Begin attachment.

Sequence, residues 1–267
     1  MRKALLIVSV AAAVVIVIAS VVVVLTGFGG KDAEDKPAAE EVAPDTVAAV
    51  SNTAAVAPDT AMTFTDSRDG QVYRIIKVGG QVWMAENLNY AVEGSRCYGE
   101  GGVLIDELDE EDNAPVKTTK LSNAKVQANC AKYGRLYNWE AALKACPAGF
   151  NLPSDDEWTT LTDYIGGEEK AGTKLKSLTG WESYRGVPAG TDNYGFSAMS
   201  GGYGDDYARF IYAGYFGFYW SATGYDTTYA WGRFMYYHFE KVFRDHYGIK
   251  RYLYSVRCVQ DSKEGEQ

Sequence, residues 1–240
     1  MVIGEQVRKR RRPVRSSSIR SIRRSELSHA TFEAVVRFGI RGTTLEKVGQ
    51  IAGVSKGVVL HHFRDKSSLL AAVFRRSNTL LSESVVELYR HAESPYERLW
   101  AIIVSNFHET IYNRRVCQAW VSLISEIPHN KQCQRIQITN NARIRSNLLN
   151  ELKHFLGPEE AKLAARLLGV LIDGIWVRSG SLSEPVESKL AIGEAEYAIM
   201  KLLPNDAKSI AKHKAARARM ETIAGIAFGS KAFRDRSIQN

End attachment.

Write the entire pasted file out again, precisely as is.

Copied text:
Sequence, residues 1–267
     1  MRKALLIVSV AAAVVIVIAS VVVVLTGFGG KDAEDKPAAE EVAPDTVAAV
    51  SNTAAVAPDT AMTFTDSRDG QVYRIIKVGG QVWMAENLNY AVEGSRCYGE
   101  GGVLIDELDE EDNAPVKTTK LSNAKVQANC AKYGRLYNWE AALKACPAGF
   151  NLPSDDEWTT LTDYIGGEEK AGTKLKSLTG WESYRGVPAG TDNYGFSAMS
   201  GGYGDDYARF IYAGYFGFYW SATGYDTTYA WGRFMYYHFE KVFRDHYGIK
   251  RYLYSVRCVQ DSKEGEQ

Sequence, residues 1–240
     1  MVIGEQVRKR RRPVRSSSIR SIRRSELSHA TFEAVVRFGI RGTTLEKVGQ
    51  IAGVSKGVVL HHFRDKSSLL AAVFRRSNTL LSESVVELYR HAESPYERLW
   101  AIIVSNFHET IYNRRVCQAW VSLISEIPHN KQCQRIQITN NARIRSNLLN
   151  ELKHFLGPEE AKLAARLLGV LIDGIWVRSG SLSEPVESKL AIGEAEYAIM
   201  KLLPNDAKSI AKHKAARARM ETIAGIAFGS KAFRDRSIQN